If we pay close attention to the Gospel, just as Mary pays close attention to Jesus, and listen deeply to him, as she is actively doing, certain words give us powerful insights into what kind of social event Jesus’ visit really is. The visit is about teaching and learning, and serving. Mary sits at Jesus’ feet. That means that she is his disciple, learning from him as her rabbi. Paul describes being taught at the feet of the rabbi Gamaliel. Sitting at the feet of someone wise and learning about God, scripture, and life from them is a close educational relationship where insights are being passed with care from teacher to student. Women aren’t meant to be taught this way, are they? But in this household, things are different.

Then there is Martha. There have been so many assumptions foisted upon Martha by two thousand years of, yes, patriarchy. Is she baking cakes for everyone and busying herself in the kitchen? That’s an assumption. The text doesn’t say anything about a meal. If we get as close to the original Greek as possible, we see that Martha was ‘pulled about my many kinds of service.’ That could be a lot of different things. She’s head of this household. The verb ‘service’ is ‘diakone’. That’s where we get the word ‘deacon’ from. Deacons are people in the Church who have committed to serve God and community as best they can. We could translate this passage ‘she was busy being a deacon’.

Now we do not have Mary a passive, perhaps lazy, listener lying down at the feet of her master. We have an eager student, ready to learn, close to Jesus, heart to heart and mind to mind.

Now we no longer have a caricature of Martha as someone distracted by cupcakes, castigated by Jesus for being too focused on housework and needing to get a little perspective. We have a deacon, serving the church and serving her household.

Why does Jesus say that Mary has ‘chosen the better part?’ Surely that sets up Martha’s activities against – versus – Mary’s. Not exactly. Perhaps it’s more about motivation for doing anything at all. Where our purpose in life comes from. Jesus speaks to her lovingly, using her name to bring her closer to him: ‘Martha, Martha…’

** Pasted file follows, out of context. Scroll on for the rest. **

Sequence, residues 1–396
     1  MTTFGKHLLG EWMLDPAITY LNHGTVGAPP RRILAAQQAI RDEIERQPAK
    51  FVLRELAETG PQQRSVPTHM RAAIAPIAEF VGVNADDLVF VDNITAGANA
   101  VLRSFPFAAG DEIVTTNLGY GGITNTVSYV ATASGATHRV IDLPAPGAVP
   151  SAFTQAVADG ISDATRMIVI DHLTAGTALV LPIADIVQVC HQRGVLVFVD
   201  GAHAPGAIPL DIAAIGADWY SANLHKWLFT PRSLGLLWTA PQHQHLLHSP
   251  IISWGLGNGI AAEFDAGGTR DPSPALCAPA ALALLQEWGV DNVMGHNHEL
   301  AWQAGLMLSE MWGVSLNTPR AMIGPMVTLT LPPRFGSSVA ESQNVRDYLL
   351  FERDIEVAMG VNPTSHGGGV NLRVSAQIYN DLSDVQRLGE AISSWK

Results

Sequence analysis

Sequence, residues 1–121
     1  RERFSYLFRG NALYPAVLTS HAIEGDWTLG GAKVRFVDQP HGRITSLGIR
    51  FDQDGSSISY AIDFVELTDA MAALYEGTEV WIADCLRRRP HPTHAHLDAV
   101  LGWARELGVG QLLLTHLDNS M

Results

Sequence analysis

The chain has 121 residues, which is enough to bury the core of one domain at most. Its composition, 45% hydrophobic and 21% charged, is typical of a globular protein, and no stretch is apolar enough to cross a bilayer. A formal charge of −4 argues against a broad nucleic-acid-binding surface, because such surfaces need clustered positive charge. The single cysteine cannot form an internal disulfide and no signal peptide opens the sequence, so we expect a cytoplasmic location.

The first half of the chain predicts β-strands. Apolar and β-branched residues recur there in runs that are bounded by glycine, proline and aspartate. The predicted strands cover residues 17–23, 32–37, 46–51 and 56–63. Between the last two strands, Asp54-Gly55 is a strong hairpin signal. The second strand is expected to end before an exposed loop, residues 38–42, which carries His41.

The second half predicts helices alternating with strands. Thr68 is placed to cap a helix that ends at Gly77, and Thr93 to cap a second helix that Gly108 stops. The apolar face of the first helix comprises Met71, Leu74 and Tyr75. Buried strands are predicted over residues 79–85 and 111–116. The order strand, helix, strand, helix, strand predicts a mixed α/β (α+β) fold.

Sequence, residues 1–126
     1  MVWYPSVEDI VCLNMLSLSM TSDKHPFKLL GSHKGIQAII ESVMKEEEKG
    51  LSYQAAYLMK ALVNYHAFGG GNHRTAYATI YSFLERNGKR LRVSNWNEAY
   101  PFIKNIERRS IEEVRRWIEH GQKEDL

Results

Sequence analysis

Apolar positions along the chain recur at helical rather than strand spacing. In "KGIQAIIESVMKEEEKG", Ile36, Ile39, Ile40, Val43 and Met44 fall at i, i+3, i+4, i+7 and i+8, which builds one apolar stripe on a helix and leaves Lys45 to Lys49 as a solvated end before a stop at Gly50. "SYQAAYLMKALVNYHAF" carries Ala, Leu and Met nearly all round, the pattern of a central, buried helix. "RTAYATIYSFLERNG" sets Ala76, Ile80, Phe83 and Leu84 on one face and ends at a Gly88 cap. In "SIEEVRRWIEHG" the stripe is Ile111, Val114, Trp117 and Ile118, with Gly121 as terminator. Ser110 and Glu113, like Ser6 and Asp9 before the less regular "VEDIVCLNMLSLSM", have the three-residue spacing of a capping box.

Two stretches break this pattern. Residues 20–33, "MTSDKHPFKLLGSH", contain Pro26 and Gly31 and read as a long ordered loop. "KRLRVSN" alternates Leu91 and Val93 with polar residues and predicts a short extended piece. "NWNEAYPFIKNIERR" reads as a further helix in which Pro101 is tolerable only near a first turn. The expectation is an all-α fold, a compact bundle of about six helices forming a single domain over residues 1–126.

We could transpose this story, too. If Jesus came to your office, and you knew it was Jesus, and you love him and want to be with him, and he’s the inspiration for all you do, would you keep writing emails and drafting reports and decide that even though he’s present, right now, you’ll listen to him later because you really can’t shift that meeting and the person who’s coming has booked that slot in the diary and Jesus just showed up unexpectedly?’ When I put this to someone as an analogy yesterday, she responded – ‘No, of course not!’ 

Jesus gave everyone in that household, as he offers it to us, his full and undivided attention, ready to teach, ready to love. Mary responded by giving him her full attention. She chose wisely. Even if that meant being misunderstood or criticised by people close to her. 

In this church, Jesus has come through our doors and is with us now. Let’s give him our full attention. Our goal is to seek the One from whom all blessings flow, who gives us more than we could ask or imagine. To allow the stuff we have to do, the things that fill our days, to be foundationally undergirded by love of God, and the acceptance of God’s attentive love for us. St Augustine puts it like this: when ‘all our busy activities’ come to an end, ‘the only thing that will remain will be alleluia. That is what Mary chose.’